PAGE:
'Barbie' marketing goes way outside the box — an indication of more to come? Warner Bros. and Mattel set out to create a movie marketing machine — including more than 100 brand collabs and viral social media campaigns — to build excitement for the film's July 21 release.

'Barbie' is pretty in pink — but will she also be profitable?

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It's been a tough few weeks for the aspiring summer blockbuster. "The Flash," the new "Indiana Jones" film and the R-rated comedy "Joy Ride" have all underperformed at the box office. But one movie seems to be cutting through the noise even before its release - "Barbie," with its hot pink marketing machine. From Malibu, NPR's Mandalit del Barco reports.

MANDALIT DEL BARCO, BYLINE: I'm here at the beach in Malibu, where there are some gnarly surf waves. Up the hill across the Pacific Coast Highway is Barbie's Malibu dream house, a real-life three-story mansion painted hot pink. There's a swimming pool with a tall, curvy, pink slide, a glittery outdoor dance floor and a disco roller rink and lots of closets. As one of the many promotions for the Barbie movie, Airbnb has listed the dream house for free for a few lucky guests.


MARGOT ROBBIE: Welcome to Barbie's dream house.

DEL BARCO: That's the movie's star Margot Robbie, walking through the film's set of the dream house in a viral video for Architectural Digest.


ROBBIE: Even though it's fake, it's really beautiful, which is kind of like everything in Barbie Land.

PAUL DERGARABEDIAN: This is a test case in how to perfectly market a movie - the product tie-ins, the social media buzz.

DEL BARCO: Paul Dergarabedian, senior media analyst for ComScore, says the joint campaign by Warner Brothers Studios and Mattel has turned Barbie into a lifestyle brand. Already, there are more than a hundred brand collaborations from Barbiecore (ph) fashions to home insurance policies to the Barbie Xbox. Online, there's an AI-powered Barbie selfie generator to create memes. And at a real-life shopping mall in Santa Monica, fans can experience the world of Barbie. It's an Instagram-friendly pop-up with a life-size Barbie camper van, Barbie space station and Barbie music recording studio. Like Disney and Hasbro, Mattel executives have said they want to turn the company's vintage intellectual property into new movie franchises. Hot Wheels, Rock 'Em Sock 'Em Robots, Barney and Polly Pocket could be next. But first up, it's the company's 64-year-old superstar doll.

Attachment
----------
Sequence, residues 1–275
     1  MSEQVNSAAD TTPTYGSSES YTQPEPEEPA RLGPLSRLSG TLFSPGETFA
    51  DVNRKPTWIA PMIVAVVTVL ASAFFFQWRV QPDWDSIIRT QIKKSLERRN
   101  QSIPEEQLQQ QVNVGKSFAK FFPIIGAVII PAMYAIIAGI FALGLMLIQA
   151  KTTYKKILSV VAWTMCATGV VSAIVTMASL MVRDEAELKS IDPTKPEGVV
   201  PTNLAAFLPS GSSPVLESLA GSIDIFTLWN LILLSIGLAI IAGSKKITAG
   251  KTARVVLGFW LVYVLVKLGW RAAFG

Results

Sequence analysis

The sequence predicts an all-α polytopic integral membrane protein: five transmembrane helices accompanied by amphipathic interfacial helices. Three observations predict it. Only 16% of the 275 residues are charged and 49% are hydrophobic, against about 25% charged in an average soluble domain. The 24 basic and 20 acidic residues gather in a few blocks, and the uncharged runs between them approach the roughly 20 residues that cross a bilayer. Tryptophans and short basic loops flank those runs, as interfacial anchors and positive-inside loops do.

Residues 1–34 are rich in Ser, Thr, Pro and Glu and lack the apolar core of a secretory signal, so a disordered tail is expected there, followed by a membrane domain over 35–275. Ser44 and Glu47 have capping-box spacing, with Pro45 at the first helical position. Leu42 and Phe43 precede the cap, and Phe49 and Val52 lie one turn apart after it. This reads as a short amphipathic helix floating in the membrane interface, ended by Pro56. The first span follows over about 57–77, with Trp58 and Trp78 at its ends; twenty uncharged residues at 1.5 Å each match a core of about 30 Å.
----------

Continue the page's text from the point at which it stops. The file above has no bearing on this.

KEVIN SANDLER: The zeitgeist is a post-COVID world that seems very scary, at war, dark. And Barbie is the opposite of that.

DEL BARCO: Kevin Sandler is an associate professor of film and media studies at Arizona State University.

SANDLER: It's been calculated to try to appeal to various age groups and races and gender identities. Everywhere you look, you see this buy-in from "Barbie." Whether it's on social media or through all these brands, it probably makes you really happy.

DEL BARCO: But it doesn't make everyone happy. Already, actress J. Smith-Cameron from the TV show "Succession" has tweeted that she feels bullied by the pink tsunami of Barbie marketing. The movie, directed by indie darling Greta Gerwig, seems to be in on the joke. Its slogan hints at the tightrope it's walking. Quote, "for those who love Barbie and for those who hate Barbie," an ironic wink to those of us who grew up with non-conforming feminist moms who didn't appreciate blonde, blue-eyed Barbie's impossible figure.


ALEXANDRA SHIPP: (As Author Barbie) Hey, Barbie.

ROBBIE: (As Barbie) Hi, Barbie.

EMMA MACKEY: (As Physicist Barbie) Hi, Barbie.

ISSA RAE: (As President Barbie) Hi, Barbie.

ROBBIE: (As Barbie) Hey, Barbie.

SIMU LIU: (As Ken #2) Hi, Barbie.


ROBBIE: (As Barbie) Hi, Ken.

DEL BARCO: The movie opens next week, and official reviews are still embargoed, but it's already expected to debut at the top of the box office. Some of "Barbie's" buzz is even rubbing off on its tonally opposite opening weekend rival, "Oppenheimer." So it turns out even six decades and many critiques later, Barbie pink could indeed be the color of money. Mandalit del Barco, NPR News.


DUA LIPA: (Singing) Watch me dance, dance the night away. My heart could be burnin', but you won't see it on my face. Watch me dance, dance the night away. I'll still keep the party runnin' - not one hair out of place. When my heart breaks...

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